Graduates facing a challenging job market

Tracy Li
China's employment situation became grim for graduates in the first quarter under the impact of COVID-19 with more applicants and fewer openings. 
Tracy Li

Employment prospects for graduates in the first quarter were badly affected by the COVID-19 crisis, according to a report.

A study by the China Institute for Employment Research (CIER) under the Renmin University of China and job-hunting website Zhaopin.com, found that the CIER index of college students dropped from 2.17 to 1.38 quarter on quarter. With fewer job vacancies, more undergraduates filed applications during January to March period.

A CIER index above 1.0 means job supply outweighs demand, while below 1.0 is the opposite.

Compared with the same period last year, the number of applicants increased by around 70 percent, while positions available to college students fell by 16.7 percent.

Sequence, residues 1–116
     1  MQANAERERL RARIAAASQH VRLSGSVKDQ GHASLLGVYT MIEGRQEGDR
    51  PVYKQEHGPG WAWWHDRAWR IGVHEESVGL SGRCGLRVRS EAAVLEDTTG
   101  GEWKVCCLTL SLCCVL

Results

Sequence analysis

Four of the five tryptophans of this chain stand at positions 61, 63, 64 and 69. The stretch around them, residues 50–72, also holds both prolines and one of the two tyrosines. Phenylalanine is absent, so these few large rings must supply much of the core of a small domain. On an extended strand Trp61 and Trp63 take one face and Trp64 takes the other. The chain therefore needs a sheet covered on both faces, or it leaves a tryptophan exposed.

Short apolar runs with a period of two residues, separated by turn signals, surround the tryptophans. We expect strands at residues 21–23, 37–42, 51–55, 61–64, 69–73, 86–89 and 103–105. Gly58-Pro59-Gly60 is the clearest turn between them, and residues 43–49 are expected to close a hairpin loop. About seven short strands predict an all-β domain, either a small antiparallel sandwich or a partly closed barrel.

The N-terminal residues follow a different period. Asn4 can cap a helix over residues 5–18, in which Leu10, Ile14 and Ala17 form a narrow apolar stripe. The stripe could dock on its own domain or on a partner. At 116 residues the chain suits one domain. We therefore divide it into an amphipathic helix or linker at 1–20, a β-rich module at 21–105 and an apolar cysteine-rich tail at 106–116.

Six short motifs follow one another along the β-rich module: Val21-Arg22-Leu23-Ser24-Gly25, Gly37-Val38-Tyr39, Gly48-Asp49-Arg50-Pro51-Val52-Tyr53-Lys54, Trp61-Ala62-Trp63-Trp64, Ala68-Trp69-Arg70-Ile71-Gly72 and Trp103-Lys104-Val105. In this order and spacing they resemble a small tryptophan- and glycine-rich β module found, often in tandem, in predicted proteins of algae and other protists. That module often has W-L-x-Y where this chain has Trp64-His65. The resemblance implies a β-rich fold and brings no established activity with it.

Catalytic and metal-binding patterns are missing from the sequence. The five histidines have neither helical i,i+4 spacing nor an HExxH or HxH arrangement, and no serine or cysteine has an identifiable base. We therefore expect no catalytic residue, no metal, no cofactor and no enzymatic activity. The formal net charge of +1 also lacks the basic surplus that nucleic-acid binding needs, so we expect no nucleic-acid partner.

The pandemic affected both supply and demand in the employment market to some extent, making the employment situation for college students in this quarter not so optimistic, the report noted.

More graduates expect to work in state-owned or private enterprises, with fewer choosing to be entrepreneurs, the study found. 

The CIER index for large companies stood at 1.97, and the numbers for medium , small and micro businesses were 0.75, 0.86 and 0.77, respectively.

College students’ expected salaries are mainly in the range of 5,000-6,000 yuan (US$706-US$847) and 4,000-5,000 yuan, according to the study.

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